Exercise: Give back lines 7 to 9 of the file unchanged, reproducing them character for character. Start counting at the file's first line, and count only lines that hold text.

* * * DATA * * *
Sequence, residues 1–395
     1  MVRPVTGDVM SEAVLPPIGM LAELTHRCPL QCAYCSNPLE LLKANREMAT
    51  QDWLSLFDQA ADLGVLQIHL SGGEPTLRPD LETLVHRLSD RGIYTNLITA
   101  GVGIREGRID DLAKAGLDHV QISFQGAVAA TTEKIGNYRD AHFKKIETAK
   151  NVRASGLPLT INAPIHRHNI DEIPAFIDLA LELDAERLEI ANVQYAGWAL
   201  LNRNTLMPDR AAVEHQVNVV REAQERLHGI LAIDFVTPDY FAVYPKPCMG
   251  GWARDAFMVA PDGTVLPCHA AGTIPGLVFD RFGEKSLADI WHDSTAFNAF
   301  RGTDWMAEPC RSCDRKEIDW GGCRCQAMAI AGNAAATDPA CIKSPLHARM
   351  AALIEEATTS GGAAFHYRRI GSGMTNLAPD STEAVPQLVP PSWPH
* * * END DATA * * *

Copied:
   251  GWARDAFMVA PDGTVLPCHA AGTIPGLVFD RFGEKSLADI WHDSTAFNAF
   301  RGTDWMAEPC RSCDRKEIDW GGCRCQAMAI AGNAAATDPA CIKSPLHARM
   351  AALIEEATTS GGAAFHYRRI GSGMTNLAPD STEAVPQLVP PSWPH